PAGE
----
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'Panama Papers' Explained For 5-Year-Olds

Brilliant Redditors strike again.

The "Panama Papers," a story about powerful people hiding money in offshore accounts, is incredibly complicated if you're not well-versed in banking and tax law.

Enter this Redditor, who offers a remarkably simple explanation for the controversy, using a boy and his piggy bank as a metaphor.

"When you get a quarter you put it in the piggy bank. The piggy bank is on a shelf in your closet. Your mom knows this and she checks on it every once in a while, so she knows when you put more money in or spend it.

Now one day, you might decide 'I don't want mom to look at my money.' So you go over to Johnny's house with an extra piggy bank that you're going to keep in his room. You write your name on it and put it in his closet. Johnny's mom is always very busy, so she never has time to check on his piggy bank. So you can keep yours there and it will stay a secret.

Now all the kids in the neighborhood think this is a good idea, and everyone goes to Johnny's house with extra piggy banks. Now Johnny's closet is full of piggy banks from everyone in the neighborhood.

One day, Johnny's mom comes home and sees all the piggy banks. She gets very mad and calls everyone's parents to let them know.

Now not everyone did this for a bad reason. Eric's older brother always steals from his piggy bank, so he just wanted a better hiding spot. Timmy wanted to save up to buy his mom a birthday present without her knowing. Sammy just did it because he thought it was fun. But many kids did do it for a bad reason. Jacob was stealing people's lunch money and didn't want his parents to figure it out. Michael was stealing money from his mom's purse. Fat Bobby's parents put him on a diet, and didn't want them to figure out when he was buying candy.

Now in real life, many very important people were just caught hiding their piggy banks at Johnny's house in Panama. Today their moms all found out. Pretty soon, we'll know more about which of these important people were doing it for bad reasons and which were doing it for good reasons. But almost everyone is in trouble regardless, because it's against the rules to keep secrets no matter what."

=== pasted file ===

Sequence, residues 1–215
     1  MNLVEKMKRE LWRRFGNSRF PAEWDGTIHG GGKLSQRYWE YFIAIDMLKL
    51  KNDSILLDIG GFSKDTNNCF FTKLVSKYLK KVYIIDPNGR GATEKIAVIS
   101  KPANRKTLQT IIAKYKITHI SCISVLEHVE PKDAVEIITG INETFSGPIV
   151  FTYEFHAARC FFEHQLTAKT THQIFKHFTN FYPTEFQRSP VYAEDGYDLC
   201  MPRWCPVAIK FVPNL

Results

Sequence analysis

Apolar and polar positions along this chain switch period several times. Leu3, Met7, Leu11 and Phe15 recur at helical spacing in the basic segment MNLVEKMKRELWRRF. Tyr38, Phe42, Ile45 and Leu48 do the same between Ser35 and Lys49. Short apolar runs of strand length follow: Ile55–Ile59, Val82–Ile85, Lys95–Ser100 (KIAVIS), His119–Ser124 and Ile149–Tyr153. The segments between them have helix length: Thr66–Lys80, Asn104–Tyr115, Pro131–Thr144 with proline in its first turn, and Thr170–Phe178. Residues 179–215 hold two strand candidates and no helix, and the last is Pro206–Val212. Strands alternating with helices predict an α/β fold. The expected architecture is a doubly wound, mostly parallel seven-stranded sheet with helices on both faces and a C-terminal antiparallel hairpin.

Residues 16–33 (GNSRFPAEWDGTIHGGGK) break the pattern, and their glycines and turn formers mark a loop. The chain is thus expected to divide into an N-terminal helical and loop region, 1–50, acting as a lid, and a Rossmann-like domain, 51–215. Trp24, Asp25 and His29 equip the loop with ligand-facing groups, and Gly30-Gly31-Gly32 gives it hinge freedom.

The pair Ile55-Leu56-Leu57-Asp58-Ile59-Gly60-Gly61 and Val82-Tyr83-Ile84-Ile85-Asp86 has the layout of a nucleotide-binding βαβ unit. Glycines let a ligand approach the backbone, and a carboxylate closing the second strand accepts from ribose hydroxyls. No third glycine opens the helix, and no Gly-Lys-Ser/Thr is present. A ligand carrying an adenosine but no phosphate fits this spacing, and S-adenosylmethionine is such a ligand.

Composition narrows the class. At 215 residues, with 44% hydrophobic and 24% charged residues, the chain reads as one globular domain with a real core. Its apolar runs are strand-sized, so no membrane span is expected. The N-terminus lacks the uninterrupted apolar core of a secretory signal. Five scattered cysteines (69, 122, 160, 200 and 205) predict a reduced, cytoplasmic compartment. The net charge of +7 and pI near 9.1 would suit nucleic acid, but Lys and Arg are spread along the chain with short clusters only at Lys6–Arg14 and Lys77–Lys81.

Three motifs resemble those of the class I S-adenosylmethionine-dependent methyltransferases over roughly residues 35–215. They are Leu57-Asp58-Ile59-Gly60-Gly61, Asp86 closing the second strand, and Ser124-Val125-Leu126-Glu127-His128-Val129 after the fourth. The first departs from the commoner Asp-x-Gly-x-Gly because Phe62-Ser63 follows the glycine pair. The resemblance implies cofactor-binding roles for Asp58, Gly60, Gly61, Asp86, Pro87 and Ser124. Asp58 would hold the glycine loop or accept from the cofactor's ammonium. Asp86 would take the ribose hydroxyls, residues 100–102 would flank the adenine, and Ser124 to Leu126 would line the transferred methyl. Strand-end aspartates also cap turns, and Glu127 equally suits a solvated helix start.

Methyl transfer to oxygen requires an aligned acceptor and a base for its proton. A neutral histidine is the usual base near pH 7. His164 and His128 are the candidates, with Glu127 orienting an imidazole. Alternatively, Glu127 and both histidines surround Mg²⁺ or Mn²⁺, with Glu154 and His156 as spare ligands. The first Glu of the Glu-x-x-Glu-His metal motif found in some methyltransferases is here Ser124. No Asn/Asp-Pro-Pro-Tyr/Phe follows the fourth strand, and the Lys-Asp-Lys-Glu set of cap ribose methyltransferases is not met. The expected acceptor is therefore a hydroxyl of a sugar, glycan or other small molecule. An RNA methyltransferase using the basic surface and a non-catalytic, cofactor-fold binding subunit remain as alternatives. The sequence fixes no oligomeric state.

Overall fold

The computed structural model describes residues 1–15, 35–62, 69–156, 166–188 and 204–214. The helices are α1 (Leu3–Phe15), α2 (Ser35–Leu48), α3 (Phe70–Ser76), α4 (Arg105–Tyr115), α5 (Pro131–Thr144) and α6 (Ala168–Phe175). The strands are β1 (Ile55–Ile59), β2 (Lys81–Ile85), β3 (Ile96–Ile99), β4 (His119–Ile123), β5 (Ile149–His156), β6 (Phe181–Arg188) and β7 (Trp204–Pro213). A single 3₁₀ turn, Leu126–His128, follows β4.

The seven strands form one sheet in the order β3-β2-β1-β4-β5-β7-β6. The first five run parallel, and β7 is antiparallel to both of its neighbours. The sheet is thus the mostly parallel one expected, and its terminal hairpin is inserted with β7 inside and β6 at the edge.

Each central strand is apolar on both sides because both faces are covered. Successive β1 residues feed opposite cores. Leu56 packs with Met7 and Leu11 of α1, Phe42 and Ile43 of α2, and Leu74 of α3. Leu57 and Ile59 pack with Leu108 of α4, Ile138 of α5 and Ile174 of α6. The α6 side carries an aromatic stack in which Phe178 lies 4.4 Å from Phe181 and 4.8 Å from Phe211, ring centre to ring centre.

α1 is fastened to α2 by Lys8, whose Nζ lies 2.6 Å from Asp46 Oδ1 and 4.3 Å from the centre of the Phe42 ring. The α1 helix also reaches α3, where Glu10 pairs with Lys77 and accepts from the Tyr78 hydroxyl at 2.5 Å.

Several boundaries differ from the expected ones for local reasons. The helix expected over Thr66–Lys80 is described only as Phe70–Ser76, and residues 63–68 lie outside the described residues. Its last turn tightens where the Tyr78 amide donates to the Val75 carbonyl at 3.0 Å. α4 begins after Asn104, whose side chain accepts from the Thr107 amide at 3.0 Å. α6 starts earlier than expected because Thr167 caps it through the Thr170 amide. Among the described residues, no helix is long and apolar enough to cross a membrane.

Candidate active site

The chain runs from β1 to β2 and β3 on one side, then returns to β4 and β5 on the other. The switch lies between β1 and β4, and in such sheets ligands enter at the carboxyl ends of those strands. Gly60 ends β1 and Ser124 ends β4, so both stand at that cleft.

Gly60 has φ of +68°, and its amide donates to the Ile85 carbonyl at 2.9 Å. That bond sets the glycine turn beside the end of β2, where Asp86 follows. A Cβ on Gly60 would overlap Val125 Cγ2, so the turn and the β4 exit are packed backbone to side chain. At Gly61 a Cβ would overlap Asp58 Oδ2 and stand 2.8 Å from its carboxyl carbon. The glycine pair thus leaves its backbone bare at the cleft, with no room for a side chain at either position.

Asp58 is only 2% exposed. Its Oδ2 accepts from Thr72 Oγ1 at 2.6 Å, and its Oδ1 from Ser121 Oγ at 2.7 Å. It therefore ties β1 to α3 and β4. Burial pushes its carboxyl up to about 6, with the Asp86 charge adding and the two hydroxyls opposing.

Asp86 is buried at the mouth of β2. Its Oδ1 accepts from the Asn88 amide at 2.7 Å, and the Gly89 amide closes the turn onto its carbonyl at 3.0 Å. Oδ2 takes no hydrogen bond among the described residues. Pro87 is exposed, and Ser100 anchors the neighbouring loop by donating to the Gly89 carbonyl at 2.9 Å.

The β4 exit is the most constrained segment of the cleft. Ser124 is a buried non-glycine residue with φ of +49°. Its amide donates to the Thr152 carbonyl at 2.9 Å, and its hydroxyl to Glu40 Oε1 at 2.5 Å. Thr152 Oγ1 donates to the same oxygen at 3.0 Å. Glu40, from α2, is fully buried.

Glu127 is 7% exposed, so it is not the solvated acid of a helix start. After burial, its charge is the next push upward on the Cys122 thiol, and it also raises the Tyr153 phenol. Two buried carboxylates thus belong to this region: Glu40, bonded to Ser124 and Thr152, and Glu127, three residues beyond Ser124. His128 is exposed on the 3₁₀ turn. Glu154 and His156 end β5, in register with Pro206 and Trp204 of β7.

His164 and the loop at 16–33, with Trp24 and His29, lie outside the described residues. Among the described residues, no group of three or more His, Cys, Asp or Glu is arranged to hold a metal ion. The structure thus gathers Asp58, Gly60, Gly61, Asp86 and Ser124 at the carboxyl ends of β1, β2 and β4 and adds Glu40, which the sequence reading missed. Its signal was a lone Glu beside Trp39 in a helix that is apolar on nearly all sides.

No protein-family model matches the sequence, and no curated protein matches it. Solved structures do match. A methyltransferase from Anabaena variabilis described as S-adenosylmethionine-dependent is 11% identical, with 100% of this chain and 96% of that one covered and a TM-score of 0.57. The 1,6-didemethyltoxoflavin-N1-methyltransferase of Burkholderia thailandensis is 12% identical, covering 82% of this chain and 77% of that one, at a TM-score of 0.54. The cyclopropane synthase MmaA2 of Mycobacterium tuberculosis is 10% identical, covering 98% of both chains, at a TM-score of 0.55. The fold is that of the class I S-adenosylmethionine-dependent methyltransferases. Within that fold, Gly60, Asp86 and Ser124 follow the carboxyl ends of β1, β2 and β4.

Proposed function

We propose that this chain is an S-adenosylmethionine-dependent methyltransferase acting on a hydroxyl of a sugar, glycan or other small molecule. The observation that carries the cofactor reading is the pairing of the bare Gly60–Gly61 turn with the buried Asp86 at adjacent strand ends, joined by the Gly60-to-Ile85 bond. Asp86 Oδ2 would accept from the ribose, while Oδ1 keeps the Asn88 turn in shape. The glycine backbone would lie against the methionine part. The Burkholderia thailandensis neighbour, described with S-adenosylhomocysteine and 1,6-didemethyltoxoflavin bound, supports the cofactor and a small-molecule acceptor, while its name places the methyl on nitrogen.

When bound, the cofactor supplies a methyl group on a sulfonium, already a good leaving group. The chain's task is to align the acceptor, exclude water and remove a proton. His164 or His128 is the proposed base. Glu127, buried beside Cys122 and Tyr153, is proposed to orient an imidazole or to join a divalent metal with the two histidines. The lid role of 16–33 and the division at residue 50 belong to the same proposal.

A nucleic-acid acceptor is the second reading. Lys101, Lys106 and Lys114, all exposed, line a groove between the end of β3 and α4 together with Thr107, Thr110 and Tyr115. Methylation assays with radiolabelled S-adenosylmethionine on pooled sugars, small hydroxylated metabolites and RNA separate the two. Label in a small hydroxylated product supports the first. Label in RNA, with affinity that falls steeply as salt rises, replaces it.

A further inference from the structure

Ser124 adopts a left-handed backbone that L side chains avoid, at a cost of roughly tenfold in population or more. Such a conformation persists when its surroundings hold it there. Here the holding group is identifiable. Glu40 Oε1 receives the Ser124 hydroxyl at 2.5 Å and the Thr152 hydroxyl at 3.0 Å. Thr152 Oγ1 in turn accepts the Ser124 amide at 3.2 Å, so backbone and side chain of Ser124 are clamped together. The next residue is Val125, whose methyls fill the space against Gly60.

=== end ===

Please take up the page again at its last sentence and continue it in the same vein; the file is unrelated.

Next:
Nailed it.

The "Panama Papers" were revealed after an anonymous source leaked 2.6 terabytes of data to German newspaper Suddeutsche Zeitung.

Data in the leak included spreadsheets, emails, passports, and other records showing how powerful people had allegedly hidden money in offshore accounts with the help of Panamanian law firm Mossack Fonseca.

Over 200,000 companies and 14,000 clients were implicated in the leak. Prominent people such as Russian President Vladimir Putin and soccer star Lionel Messi were named in connection with the papers.

Three-hundred and fifty Canadians, including one former Newfoundland cabinet minister, were also among them, according to The Toronto Star.

Royal Bank of Canada (RBC) was also named in the papers after it worked with Mossack Fonseca to set up 370 offshore corporations, CBC News reported.

Offshore accounts can be used for many reasons, such as international business transactions, but they've also been used for money laundering, financing terrorism and tax evasion, the Star added.

But RBC has denied any wrongdoing, saying, "If we have reason to believe a client is seeking to commit a criminal [offence] by evading taxes, we would report the offence and not do business with the client."

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